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 Guest Opinion. From individual Cherokee families to the whole Cherokee Nation, keeping children safe is our most essential responsibility. When parents go to work or school to build a better future for their family, the children need a secure, enriching environment to stay in. No parent or caregiver should have to choose between building that better future and accessing great care for their kids.

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Opinion. The day before last week’s White House Tribal Nation Summit kicked off, the National Congress of American Indians (NCAI) and the National Indian Health Board (NIHB) held a meeting with several dozen tribal leaders from across Indian Country at the Capital Hilton. They met to prepare for high-level discussions with high-ranking Biden administration officials that would take place at the summit. 

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Guest Opinion. Almost 200 years ago, the Treaty of New Echota between Cherokee Nation and the United States government was signed. Two years ago, I called on the U.S. to finally fulfill a commitment made in that treaty by seating a Cherokee Nation delegate in Congress, and I nominated Kim Teehee for the role. Last month, the U.S. House of Representatives finally held a historic hearing on this matter.

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OpinionOn Wednesday, I testified during the Senate Committee on Veterans’ Affairs hearing, “Native American Veterans: Ensuring Access to VA Health Care and Benefits.”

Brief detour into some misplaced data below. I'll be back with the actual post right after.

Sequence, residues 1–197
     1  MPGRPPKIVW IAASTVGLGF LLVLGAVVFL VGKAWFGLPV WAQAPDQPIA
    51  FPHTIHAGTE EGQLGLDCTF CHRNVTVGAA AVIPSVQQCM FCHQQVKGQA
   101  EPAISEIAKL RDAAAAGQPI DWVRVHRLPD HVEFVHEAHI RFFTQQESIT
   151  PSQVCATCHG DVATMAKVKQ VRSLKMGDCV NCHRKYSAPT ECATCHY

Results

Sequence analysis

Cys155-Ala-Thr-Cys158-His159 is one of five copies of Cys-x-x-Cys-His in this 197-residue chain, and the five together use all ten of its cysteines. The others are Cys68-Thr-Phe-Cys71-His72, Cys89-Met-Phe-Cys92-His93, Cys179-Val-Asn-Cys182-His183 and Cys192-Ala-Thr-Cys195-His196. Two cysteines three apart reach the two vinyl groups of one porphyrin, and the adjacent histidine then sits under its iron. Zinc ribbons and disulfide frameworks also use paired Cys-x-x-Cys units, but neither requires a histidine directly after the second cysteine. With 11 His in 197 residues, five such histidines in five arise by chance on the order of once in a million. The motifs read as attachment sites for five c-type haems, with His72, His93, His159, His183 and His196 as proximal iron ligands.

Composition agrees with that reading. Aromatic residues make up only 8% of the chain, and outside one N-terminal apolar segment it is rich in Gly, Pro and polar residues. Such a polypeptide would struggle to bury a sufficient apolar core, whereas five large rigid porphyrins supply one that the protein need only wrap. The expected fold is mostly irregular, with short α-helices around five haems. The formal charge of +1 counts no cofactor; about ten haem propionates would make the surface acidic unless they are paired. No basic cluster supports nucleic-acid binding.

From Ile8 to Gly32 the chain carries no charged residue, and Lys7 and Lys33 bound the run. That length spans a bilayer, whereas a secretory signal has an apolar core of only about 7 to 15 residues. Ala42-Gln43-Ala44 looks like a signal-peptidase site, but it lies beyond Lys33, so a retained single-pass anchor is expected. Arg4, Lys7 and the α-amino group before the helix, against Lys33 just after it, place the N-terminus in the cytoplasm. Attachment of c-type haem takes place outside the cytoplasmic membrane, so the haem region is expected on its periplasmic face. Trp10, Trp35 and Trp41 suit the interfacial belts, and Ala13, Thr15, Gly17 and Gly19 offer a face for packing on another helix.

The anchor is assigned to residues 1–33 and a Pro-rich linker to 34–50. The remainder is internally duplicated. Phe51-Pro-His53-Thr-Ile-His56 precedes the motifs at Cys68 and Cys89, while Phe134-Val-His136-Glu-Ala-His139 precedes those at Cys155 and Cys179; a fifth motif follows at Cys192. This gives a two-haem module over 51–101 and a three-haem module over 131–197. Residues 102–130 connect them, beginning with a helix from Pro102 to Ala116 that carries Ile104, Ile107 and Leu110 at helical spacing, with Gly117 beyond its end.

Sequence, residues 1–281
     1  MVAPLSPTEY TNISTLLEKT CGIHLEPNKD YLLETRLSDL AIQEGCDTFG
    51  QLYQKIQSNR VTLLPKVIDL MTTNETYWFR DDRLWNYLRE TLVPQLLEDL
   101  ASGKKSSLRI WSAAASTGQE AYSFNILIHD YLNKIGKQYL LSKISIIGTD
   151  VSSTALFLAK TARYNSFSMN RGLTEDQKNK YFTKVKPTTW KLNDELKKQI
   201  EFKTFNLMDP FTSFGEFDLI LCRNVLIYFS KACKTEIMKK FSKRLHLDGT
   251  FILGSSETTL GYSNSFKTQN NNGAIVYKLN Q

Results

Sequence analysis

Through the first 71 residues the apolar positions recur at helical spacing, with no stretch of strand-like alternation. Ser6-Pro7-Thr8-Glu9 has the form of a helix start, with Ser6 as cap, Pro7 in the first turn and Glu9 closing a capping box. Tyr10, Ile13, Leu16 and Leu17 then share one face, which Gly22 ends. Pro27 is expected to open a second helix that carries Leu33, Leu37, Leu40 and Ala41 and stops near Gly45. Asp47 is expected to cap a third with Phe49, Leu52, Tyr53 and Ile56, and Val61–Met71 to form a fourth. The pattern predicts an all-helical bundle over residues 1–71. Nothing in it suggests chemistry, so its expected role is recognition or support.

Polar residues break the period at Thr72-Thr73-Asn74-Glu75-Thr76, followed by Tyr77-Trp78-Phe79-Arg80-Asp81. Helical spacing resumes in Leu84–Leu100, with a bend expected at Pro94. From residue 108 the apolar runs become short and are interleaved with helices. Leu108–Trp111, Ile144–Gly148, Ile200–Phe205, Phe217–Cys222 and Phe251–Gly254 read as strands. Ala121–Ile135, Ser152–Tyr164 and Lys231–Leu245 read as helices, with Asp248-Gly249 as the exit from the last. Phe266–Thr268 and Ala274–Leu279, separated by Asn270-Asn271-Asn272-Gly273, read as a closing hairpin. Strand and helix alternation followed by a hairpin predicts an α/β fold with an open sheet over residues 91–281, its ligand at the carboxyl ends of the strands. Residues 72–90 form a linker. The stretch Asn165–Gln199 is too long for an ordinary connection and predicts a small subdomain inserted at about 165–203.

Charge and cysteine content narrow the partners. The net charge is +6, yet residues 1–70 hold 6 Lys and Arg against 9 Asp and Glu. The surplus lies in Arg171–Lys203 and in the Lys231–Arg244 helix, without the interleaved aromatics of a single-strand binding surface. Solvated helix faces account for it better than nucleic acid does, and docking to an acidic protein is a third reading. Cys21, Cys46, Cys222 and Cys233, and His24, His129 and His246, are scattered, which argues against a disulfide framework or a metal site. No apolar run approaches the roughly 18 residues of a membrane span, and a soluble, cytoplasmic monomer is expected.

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Opinion. After a 187-year wait, the Cherokee Nation may be getting closer to having a delegate to the U.S. House of Representatives. 

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Editor’s Note: This commentary first appeared in the Los Angeles Times on November 23, 2017. Used with permission. All rights reserved.

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It was snowing lightly this past Tuesday in Michigan. It was the first snowfall during autumn. Because of the snow, I left several minutes for my trip to Kalamazoo from Grand Rapids for lunch with Billy Mills (Oglala Sioux Tribe) and his wife Pat.

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Guest Opinion. Cherokee language is core to our culture and our identity as a distinct people. Since European contact, the Cherokee people have been tested by wars, disease, broken treaties, forced removal, the suppression of our government, and the taking of our children away from their families to boarding schools where they could be severely punished just for speaking Cherokee.

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Opinion. This year November has proven busier than ever for all of us at Native News Online. From covering the slip of the tongue by a reporter who referred to Native Americans as “Indigenous creatures” to our in-depth coverage of Indigenous candidates in the midterm elections, our Native-led newsroom brought a Native perspective to the news. 

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Guest Opinion. At Cherokee Nation and across America, we recognize November as Diabetes Awareness Month. An estimated one in 10 Americans has diabetes. In Indian Country, the numbers are even higher, with more than one in six of the adult population affected. During Diabetes Awareness Month, we are making extra efforts to educate Cherokees about this serious disease.